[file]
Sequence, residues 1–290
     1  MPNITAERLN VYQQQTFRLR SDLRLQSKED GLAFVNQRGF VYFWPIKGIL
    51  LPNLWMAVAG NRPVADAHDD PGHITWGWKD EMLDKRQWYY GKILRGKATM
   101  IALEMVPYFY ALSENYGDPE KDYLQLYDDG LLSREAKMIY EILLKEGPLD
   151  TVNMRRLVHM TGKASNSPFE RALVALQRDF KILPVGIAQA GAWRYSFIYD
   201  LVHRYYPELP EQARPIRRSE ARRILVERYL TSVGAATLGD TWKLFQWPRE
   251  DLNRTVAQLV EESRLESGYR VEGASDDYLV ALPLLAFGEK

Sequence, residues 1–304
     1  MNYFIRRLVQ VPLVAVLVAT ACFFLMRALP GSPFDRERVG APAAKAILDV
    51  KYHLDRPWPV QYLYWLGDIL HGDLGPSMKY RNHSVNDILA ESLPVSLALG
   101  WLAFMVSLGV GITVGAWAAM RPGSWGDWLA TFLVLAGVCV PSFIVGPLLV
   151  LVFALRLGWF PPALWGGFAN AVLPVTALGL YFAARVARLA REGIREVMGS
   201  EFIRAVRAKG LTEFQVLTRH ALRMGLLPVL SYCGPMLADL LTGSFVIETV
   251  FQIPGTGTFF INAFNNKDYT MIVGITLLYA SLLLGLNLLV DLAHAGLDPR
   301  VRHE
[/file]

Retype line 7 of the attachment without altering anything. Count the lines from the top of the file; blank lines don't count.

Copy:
   251  DLNRTVAQLV EESRLESGYR VEGASDDYLV ALPLLAFGEK